But, how do I choose?
There are SO many options to choose from when it comes to wedding dress material. If this is your first time searching for your special dress it can be confusing and overwhelming.
Whilst it may feel challenging in the beginning, there are a few main wedding dress fabrics you can start with.
Satin is more than just a shiny fabric. A satin weave can blend with many types of fabrics. Satin refers to the weave, not the textile, which means you can use satin to create a range of different fabrics.
Mikado satin is a popular wedding dress material choice for many brides. It’s a lovely soft fabric made from a silk combination. Mikado is a twill weave fabric that is fairly stiff. It’s is a wonderful choice for modern, architectural gowns. It is less shiny than satin and less matte than say, a crepe.
Dupion is also a silk fabric that is heavier, stiffer, and medium in weight.
Crêpe, commonly spelled crepe, is a luxurious fabric that was traditionally made from silk, but can now can be made from almost any fiber. Crepe types vary from thin and lightweight to thick and heavyweight. Most crepe fabrics have a beautiful drape.
- Silk crepe de Chine fabric doesn’t have the puckered surface typical of other crêpes; instead, the silk fabric has a smooth, matte finish with slight pebbling. This look is achieved by using tightly twisted yarns as weft yarns in a plain weave pattern. Polyester crêpe de Chine is a more affordable version with a similar appearance and feel to the silk fabric.
- Crepe georgette: Crepe georgette fabric also has a soft, smoother appearance and is primarily made from silk or synthetic silk-like fibers, like rayon. Silk georgette has a little elasticity and a nice drape. Crepe georgette fabric is a popular fabric for dresses.
- Wool crepe: Wool crepe has a rougher, wiry surface and is made from wool fabric, and sometimes cotton or synthetic fabrics. It is a light to medium weight crêpe, it resists wrinkling, and is often used for suiting, pants, and dresses.
- Polyester crepe: Polyester crepe fabric is any type of crêpe fabric that is made using the synthetic fiber polyester. Poly crepe is typically a lightweight, thin fabric that has a nice drape. Polyester crepe is used for dresses, skirts, and blouses. It sometimes incorporates elastane to form stretch crepe.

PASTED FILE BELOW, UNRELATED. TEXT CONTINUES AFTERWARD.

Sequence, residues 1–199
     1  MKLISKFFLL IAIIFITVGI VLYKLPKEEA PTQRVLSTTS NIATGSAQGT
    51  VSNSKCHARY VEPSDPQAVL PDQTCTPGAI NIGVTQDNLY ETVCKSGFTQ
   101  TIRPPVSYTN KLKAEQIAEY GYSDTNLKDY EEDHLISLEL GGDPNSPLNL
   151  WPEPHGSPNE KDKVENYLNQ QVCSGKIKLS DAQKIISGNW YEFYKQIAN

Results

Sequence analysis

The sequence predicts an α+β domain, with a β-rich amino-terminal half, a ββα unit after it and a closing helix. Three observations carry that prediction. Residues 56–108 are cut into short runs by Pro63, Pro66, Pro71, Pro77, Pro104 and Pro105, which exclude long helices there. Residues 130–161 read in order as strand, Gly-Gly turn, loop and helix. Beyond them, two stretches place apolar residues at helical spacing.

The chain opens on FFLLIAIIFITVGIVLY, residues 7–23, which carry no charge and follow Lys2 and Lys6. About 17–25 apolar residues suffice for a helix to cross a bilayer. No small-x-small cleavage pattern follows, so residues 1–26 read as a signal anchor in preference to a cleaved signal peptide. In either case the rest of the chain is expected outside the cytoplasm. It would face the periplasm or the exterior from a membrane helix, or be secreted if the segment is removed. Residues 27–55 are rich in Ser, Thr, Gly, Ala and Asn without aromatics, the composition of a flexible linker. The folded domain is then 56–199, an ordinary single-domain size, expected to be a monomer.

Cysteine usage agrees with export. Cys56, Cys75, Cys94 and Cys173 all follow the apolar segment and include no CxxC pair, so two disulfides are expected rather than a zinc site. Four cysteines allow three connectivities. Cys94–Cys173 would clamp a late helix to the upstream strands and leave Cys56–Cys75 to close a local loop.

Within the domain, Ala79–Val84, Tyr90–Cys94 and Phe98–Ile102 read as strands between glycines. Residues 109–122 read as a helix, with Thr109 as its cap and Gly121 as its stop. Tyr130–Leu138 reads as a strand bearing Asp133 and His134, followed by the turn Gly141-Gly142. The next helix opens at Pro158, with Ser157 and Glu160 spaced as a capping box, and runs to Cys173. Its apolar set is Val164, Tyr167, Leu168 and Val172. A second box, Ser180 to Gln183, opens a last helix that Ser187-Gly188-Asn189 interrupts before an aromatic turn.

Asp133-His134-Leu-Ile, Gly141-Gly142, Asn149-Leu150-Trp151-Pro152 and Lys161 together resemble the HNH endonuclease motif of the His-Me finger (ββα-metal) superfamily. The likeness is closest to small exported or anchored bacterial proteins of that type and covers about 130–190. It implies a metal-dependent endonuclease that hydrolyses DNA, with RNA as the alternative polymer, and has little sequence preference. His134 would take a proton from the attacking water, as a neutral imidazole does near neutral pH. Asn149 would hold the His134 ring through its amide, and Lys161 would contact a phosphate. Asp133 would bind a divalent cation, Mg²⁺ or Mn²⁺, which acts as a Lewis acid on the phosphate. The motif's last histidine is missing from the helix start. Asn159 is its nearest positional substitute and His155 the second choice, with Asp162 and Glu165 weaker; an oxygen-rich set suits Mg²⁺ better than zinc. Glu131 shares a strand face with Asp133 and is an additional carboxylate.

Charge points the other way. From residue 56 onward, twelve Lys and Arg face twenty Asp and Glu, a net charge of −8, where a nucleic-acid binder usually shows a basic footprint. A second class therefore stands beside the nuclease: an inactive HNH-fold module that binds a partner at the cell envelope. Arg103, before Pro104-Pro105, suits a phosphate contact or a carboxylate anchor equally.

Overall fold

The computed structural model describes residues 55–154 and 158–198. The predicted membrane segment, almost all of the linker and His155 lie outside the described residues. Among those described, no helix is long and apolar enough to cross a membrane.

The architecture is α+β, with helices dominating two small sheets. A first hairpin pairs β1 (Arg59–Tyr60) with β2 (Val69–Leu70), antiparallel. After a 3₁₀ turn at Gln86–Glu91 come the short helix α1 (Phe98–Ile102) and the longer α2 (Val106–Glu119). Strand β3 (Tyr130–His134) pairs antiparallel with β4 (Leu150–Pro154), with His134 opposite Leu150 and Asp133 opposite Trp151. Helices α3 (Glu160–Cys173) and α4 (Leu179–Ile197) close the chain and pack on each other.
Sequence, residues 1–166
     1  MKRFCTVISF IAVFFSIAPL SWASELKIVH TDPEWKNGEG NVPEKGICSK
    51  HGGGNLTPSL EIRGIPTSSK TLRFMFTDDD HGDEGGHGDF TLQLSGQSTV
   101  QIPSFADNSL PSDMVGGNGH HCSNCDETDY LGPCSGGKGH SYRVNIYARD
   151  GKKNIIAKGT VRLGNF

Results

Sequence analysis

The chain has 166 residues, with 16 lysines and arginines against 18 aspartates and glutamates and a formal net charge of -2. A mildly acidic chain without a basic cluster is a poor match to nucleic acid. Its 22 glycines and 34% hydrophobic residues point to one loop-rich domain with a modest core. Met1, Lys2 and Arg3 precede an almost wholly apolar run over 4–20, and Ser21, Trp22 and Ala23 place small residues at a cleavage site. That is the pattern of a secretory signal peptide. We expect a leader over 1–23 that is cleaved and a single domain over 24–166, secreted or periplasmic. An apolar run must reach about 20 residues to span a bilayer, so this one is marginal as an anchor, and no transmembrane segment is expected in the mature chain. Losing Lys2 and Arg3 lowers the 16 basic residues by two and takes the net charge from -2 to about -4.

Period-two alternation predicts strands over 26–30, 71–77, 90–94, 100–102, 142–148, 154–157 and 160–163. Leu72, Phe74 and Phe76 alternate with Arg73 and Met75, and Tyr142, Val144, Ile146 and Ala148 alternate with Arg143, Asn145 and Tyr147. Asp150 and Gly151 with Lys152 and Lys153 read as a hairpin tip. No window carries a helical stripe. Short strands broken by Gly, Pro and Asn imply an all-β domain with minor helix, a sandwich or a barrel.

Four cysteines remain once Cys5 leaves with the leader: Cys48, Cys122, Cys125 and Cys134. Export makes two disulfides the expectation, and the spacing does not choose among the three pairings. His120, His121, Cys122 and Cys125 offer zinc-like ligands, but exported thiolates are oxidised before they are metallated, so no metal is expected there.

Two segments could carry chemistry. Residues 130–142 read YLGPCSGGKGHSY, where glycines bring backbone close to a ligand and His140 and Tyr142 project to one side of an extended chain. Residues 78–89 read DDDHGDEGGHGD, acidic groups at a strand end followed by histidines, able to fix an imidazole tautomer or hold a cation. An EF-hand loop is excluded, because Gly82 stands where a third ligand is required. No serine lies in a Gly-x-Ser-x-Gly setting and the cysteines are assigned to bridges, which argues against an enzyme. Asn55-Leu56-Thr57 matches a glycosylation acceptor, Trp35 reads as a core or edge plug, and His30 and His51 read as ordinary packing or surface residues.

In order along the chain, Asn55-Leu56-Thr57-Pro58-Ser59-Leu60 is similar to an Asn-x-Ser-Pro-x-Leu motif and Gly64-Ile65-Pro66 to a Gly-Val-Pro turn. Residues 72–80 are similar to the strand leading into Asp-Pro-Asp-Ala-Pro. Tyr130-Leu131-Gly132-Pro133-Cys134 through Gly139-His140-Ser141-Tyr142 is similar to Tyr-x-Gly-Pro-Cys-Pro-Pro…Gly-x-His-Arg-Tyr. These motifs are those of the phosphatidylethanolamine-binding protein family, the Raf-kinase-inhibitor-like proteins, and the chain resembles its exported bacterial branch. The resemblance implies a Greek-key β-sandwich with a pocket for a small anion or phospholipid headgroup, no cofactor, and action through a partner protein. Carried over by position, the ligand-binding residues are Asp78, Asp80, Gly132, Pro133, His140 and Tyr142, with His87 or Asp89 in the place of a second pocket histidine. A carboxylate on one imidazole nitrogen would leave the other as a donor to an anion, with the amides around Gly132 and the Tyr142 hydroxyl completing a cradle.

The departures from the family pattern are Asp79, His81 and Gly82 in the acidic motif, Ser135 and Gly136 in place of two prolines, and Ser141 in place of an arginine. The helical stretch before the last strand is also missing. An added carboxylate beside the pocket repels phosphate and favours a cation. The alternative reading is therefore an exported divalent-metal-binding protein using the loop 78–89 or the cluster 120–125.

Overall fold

- Crepe-back satin: Crepe-back satin is a satin fabric where one side is smooth and soft like satin and the other side is crinkled with a crêpe feel and appearance.
- Canton crepe: Canton crepe was originally made of silk from Canton province in China, which is where the name comes from. It is very similar to crepe de chine in appearance, but it is slightly heavier, as the fill yarns in the weave are heavier.
- Plissé crepe: Plissé crepe is achieved by chemically treating the fabric to achieve the puckered and crinkled appearance. A piece of fabric is either pressed with hot rollers to create the pattern, or covered in a wax pattern and dipped in an alkaline solution. The areas uncovered by wax will shrink, and when the wax is removed, the fabric will be intentionally wrinkled.
- Crepe charmeuse: Crepe charmeuse is a silk fabric that is woven using the satin weave technique with crepe twist yarns. Silk charmeuse is smooth and reflective like satin, with a dull back. The crepe yarns give the fabric the signature crepe definition.
This wonderful information about crepe was supplied by Masterclass
English silk tulle is made with a slightly larger weave so it is the sheerest option available for silk tulle. This type of silk tulle is also starched so it is a little crisper though it is still flowy and softer than the bridal illusion many veils are made from. This tulle is strong enough to sew lace onto.
French silk tulle is the most luxurious type of silk tulle available. It is incredibly soft and flowy.
Illusion tulle is used to hold a dress in place. For example, a very low back wedding dress may need an illusion tulle to hold lace appliques or over the bust for comfort.
Visit our gallery for our Ziva tulle wedding dresses.
Georgette is a type of crêpe fabric that is typically made from pure silk but can also be made from synthetic fibers like rayon, viscose, and polyester. Chiffon is thinner and sheerer and has more drape.
Georgette has a thicker ply, resulting in a heavier fabric that although sheer, is more semi sheer if compared to chiffon.
After understanding the different wedding dress fabrics it’s now time to decide which is best suited for your wedding gown.
We can recommend and inform you of the fabric that would be best suited to your dress, but it’s also good for you to understand what you like and how it feels on your body. We are seeing crepe being a very popular choice for our brides.
We’re seeing more fitted dresses for all seasons. Strapless or spaghetti straps for the warmer weather and full sleeves for the cooler months.